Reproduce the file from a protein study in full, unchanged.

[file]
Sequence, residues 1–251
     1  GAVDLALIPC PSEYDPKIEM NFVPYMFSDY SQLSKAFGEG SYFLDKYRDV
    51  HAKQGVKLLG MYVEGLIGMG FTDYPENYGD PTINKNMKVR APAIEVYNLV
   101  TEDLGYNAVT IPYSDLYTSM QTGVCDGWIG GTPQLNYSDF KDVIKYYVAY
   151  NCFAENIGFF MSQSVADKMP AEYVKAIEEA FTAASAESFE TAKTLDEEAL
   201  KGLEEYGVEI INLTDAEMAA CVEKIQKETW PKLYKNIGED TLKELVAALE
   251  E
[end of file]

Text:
Sequence, residues 1–251
     1  GAVDLALIPC PSEYDPKIEM NFVPYMFSDY SQLSKAFGEG SYFLDKYRDV
    51  HAKQGVKLLG MYVEGLIGMG FTDYPENYGD PTINKNMKVR APAIEVYNLV
   101  TEDLGYNAVT IPYSDLYTSM QTGVCDGWIG GTPQLNYSDF KDVIKYYVAY
   151  NCFAENIGFF MSQSVADKMP AEYVKAIEEA FTAASAESFE TAKTLDEEAL
   201  KGLEEYGVEI INLTDAEMAA CVEKIQKETW PKLYKNIGED TLKELVAALE
   251  E